They understand from a very young age that if they make a huge mess of the classroom or leave rubbish in the yard, it is they (and/or their peers) who will have to clean it. Therefore they start to learn how their actions impact others around them. In this way, Japanese students are often quick to “self-discipline”. A child doesn’t put their dishes away in the correct collection tray or doesn’t finish the food they took and watch how quickly one of the on-duty lunch team members snaps them into line. There’s a lot I disagree with when it comes to the Japanese education system, but this promotion of self-reliance, self-control and shared responsibility is something I think more children should be exposed to.

One of the cutest things I have ever seen has to be first graders trying to push the lunch trolley down the hall to their classrooms in their first few months of school. You see, students not only serve lunch in Japan, but they are expected to collect the food trolley and dishes from the kitchen and also return the dirty dishes afterwards. As you can imagine, the food trolley isn’t light and at my primary school it took ten six-year-olds to get the job done. Without help, they would need to work out how to get it to the classroom on time on behalf of their hungry classmates. They would take their positions around the trolley and start pushing it down the hall. However, they could never seem to be able to push it in a straight line. So the cart would be pushed towards one side of the hall, before they’d switch their momentum to push it towards the other side, slowly inching their way forward in a zigzag down the corridor. Two would often switch off from their positions to let their classmates know how close they were to the wall and when they needed to re-align. Just wait until they get to the classroom and have to turn the trolley through the doorway!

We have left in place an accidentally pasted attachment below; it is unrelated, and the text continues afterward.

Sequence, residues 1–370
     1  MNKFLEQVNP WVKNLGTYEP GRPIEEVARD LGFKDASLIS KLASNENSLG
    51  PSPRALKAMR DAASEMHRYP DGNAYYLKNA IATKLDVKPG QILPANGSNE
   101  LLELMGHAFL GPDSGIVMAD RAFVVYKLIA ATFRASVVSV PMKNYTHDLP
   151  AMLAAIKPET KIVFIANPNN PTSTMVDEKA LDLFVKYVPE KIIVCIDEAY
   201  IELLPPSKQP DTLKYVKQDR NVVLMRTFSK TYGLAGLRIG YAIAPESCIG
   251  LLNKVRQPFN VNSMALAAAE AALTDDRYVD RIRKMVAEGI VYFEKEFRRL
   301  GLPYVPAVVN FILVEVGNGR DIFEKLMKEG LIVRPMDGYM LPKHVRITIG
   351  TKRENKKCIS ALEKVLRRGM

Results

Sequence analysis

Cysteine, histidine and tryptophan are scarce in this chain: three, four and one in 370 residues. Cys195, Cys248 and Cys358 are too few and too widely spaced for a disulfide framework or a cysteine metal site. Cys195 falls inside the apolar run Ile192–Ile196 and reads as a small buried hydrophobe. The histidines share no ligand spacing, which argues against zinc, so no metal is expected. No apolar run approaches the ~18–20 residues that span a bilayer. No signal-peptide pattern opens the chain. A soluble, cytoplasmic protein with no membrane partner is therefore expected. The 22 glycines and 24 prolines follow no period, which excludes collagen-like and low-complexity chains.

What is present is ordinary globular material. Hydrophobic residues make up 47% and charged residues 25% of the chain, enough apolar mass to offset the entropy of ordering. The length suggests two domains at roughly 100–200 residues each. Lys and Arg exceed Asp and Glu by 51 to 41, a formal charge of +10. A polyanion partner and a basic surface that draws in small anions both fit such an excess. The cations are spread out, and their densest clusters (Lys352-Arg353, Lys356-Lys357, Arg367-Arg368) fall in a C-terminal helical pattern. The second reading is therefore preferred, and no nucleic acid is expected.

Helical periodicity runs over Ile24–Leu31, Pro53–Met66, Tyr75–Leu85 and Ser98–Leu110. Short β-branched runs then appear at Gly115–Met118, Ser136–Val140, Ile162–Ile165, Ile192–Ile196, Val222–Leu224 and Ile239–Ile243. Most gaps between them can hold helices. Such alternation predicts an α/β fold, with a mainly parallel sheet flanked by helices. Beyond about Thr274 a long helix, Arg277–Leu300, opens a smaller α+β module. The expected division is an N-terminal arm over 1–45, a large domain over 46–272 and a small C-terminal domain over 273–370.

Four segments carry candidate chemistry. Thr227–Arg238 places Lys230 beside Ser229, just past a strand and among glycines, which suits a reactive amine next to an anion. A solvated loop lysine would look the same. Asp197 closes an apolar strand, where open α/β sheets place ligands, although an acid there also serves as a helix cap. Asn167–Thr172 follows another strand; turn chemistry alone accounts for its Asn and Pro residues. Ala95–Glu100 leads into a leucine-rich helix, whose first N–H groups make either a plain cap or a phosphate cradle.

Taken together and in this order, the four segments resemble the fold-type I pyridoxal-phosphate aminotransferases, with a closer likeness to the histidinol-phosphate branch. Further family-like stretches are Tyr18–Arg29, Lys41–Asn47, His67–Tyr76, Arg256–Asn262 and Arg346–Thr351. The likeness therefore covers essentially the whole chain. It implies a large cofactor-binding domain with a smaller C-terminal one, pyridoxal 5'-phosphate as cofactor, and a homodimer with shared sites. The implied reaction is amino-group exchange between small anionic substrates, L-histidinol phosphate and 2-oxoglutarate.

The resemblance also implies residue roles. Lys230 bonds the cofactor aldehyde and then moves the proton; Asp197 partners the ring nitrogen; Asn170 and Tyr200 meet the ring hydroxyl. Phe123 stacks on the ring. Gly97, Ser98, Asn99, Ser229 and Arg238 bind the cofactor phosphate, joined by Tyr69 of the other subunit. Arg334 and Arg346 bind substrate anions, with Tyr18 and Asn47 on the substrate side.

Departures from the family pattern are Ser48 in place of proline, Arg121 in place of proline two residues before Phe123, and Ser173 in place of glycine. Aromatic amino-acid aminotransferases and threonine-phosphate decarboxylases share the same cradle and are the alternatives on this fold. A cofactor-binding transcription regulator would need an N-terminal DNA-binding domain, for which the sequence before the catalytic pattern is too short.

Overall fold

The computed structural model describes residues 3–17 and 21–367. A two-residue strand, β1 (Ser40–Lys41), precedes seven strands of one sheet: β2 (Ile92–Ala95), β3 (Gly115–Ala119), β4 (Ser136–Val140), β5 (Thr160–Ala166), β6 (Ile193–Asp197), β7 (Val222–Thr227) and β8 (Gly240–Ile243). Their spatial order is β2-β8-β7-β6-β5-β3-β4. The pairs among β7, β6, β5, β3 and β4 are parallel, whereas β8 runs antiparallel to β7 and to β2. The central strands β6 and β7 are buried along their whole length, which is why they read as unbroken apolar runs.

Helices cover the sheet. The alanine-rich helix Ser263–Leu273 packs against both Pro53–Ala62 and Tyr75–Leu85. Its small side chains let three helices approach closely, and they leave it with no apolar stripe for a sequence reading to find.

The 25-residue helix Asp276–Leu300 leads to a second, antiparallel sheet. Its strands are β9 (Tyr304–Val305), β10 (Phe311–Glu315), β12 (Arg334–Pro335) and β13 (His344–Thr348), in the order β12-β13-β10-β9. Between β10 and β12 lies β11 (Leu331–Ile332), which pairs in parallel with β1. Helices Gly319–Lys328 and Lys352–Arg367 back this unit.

When I first started teaching in Japan, I would offer help to the younger kids when I saw them coming down the corridor, but they would always strongly refuse. I soon got the sense that they felt they would get into trouble if another teacher saw me helping them. I later realised that assisting kids when they are struggling is not necessarily seen as a good thing in Japan; it’s seen as robbing them of the opportunity to grow. Perhaps there is a similar sentiment in Australia but, in my opinion, to a far lesser extent. So from then on I’d simply smile when I walked past and encourage them to keep going. To which they would enthusiastically reply that they’d surely do their best! In fact, Japanese children pride themselves on all the things they can do on their own and it’s almost considered embarrassing if they can’t at least do the basics for themselves in their first year of school.

Encouraging problem solving